Snow up to our waists and coming down still.
There was a field here once, when we began.
We marked the end zones and set up the goals.
Now nobody can even move, much less tackle.
I am Ganymede fleeing on a temple frieze.
We stand around like lovesick Neanderthals.
We’re Pompeian before Pompeii was hot.
We have the aspect of the classic dead
Or of stranded, shivering astronauts.
It was early in the era of the pause button:
We paused and paused the afternoons away
Indoors, blasting our ballistic erections
At the blurred bikinis of celebrities,
Then, splaying on the linoleum floor,
Awaited the apportioned pizza delivery.
Now, someone has paused us, or so it appears,
But they didn’t pause the snow, or the hour:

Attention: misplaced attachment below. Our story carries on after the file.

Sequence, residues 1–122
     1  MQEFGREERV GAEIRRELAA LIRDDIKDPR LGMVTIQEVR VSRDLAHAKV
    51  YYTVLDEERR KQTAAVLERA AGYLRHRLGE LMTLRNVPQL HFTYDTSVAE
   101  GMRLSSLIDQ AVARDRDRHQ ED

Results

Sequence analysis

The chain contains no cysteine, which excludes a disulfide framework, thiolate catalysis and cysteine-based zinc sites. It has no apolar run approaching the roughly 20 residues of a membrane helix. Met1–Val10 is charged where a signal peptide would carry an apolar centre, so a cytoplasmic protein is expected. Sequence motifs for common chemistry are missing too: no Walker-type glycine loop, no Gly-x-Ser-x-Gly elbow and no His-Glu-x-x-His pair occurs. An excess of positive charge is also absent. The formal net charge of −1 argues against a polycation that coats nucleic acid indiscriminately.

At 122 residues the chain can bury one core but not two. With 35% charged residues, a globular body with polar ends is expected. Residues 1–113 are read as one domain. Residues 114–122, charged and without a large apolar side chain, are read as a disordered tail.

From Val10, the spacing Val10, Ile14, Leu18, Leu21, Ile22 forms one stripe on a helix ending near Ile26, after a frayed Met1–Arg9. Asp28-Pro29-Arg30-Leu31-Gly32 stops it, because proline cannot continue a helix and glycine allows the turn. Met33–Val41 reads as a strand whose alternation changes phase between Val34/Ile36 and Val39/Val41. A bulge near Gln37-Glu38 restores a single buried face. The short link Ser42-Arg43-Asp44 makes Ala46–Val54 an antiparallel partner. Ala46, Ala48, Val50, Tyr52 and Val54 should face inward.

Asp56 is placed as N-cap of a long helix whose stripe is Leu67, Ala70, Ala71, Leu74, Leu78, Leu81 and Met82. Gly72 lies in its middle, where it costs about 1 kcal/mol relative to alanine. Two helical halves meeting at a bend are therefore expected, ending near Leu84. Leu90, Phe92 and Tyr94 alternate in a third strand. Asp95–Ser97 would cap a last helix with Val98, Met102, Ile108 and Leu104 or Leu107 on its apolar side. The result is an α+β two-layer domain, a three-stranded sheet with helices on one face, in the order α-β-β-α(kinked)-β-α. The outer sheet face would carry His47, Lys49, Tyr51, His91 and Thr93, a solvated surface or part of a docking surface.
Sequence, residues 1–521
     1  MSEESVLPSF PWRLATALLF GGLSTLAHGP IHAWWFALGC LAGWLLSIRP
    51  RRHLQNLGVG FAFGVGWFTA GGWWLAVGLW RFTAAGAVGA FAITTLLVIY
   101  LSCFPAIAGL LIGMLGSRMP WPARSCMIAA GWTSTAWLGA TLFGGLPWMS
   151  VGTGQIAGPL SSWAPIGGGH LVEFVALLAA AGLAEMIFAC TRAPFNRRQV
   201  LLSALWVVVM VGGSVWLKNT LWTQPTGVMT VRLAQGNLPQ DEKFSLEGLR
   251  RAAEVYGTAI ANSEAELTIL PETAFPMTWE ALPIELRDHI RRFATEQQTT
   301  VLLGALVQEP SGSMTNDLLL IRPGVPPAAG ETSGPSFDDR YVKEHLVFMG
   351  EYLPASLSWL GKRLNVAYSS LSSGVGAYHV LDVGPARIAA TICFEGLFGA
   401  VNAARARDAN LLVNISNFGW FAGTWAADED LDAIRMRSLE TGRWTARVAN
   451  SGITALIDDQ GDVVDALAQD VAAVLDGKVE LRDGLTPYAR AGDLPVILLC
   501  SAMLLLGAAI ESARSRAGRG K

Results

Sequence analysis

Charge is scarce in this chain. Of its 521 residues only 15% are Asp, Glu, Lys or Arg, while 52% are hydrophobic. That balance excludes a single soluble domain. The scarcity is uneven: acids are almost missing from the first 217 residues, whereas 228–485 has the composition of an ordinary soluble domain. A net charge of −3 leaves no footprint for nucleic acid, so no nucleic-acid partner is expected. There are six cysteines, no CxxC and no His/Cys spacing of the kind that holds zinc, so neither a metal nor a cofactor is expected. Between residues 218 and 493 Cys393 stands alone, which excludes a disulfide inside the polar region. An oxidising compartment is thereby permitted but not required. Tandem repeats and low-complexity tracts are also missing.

As the one gets higher, the other gets later.
|About this poem:|
"The VCR became a fixture in my friends' houses at precisely the moment in our lives we got extremely horny. The pause button allowed for sustained scrutiny of, say, Phoebe Cates in Fast Times at Ridgemont High—but there was a cost: her image became grainy and indistinct. When you possess something, inevitably it loses its lustre. The snow falling is Frost, the idealized Vermont; the pizza and the linoleum are truer to the Vermont of my particular childhood."